Next on my list is Dianne Hartsock. I fell in love with her when I received a copy of Alex to review. I fell in love with it. It’s very dark and angsty and I hear a sequel is coming soon. I can’t wait. Now I think I own everything she has out, and can’t wait for more. not everything is dark like Alex. She also writes mystery, and plain old good loving contemporary, paranormal, and even Zombies. Here is how she plans to spend the holidays and she also shared a recipe with us. ~ Cat~
When I was little, it was all about Christmas morning. Hardly able to sleep the night before—too excited!—we’d tumble out of bed as soon as Mom let us, and line up outside the living room doorway. That room had sliding wooden doors to close it off from the rest of the house, which Dad would open with a flourish and we walked into magic.
Things changed a little after I got married. I love it! We open presents to each other on Christmas Eve, something I’d never done before. It’s an amazing evening filled with family and laughter, good food and, of course, presents!
We all traipse over to my mother-in-law’s house, my family who live in the area included. There’s quite a house full! Karen always makes a huge pot of clam chowder, which we eat quickly, ready to get to that tree glittering in the other room, up to its lower branches in brightly wrapped presents.
After dinner, the youngest has the dubious honor of handing out the gifts, one at a time. We oooh and aaah and pretty soon it all falls apart into the great Christmas wrap war. Fun times!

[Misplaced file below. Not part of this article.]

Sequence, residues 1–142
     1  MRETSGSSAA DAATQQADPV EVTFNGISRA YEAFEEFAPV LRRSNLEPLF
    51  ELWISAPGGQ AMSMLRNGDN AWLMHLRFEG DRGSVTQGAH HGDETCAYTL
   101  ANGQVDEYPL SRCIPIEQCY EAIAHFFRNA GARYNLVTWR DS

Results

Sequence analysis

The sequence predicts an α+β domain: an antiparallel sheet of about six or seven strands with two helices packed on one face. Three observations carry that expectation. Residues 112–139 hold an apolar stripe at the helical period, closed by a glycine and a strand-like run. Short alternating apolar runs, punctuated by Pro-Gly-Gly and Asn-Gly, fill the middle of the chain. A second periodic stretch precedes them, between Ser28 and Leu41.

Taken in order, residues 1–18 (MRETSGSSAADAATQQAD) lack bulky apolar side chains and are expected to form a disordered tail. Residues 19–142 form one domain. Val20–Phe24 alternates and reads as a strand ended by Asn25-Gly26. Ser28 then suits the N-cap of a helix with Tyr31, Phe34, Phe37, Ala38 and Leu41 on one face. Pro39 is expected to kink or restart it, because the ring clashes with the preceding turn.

Christmas morning we spend quietly at home, fire on the hearth, Christmas music playing, and wait for our grown kids to wake up and see what Santa brought them.
Christmas is the time for families and laughter and presents and peace on earth. And of course, those candy filled stockings. My favorite candy is the old-fashioned candy cane, which has quite a history of its own.
Birth of the Candy Cane
Around the seventeenth century, European-Christians began to adopt the use of Christmas trees as part of their Christmas celebrations. They made special decorations for their trees from foods like cookies and sugar-stick candy.
The first historical reference to the familiar cane shape goes back to 1670, when the choirmaster at the Cologne Cathedral in Germany, bent the sugar-sticks into canes to represent a shepherd’s staff. The all-white candy canes were given out to children during the long-winded nativity services.
The clergymen’s custom of handing out candy canes during Christmas services spread throughout Europe and later to America. The canes were still white, but sometimes the candy-makers would add sugar-roses to decorate the canes further.
Candy Cane Recipe
Be careful! It will be very hot. Once it is just barely cool enough to handle, the candy must be pulled and turned on itself over and over until it is no longer clear.
Cook Time: 15 minutes
Total Time: 1 hour
· 2 cups sugar
· 1/2 cup light corn syrup
· 1/2 cup water
· 1/4 teaspoon cream of tartar
· 3/4 teaspoon peppermint extract
· Red food coloring
Cook sugar, corn syrup, water, and cream of tartar to a very hardball stage (use candy thermometer: 250 to 265 degrees F.). Remove from heat and add peppermint. Divide into two parts, add red food coloring to one part, and mix well.
Pull pieces of each part to form ropes and twist red around the white to make candy canes.
Yield: 1 dozen
Recipe Source: “From my Great-Grandmother Maggie’s cookbook…” —Jonni McCoy
Wishing you a very Merry Christmas!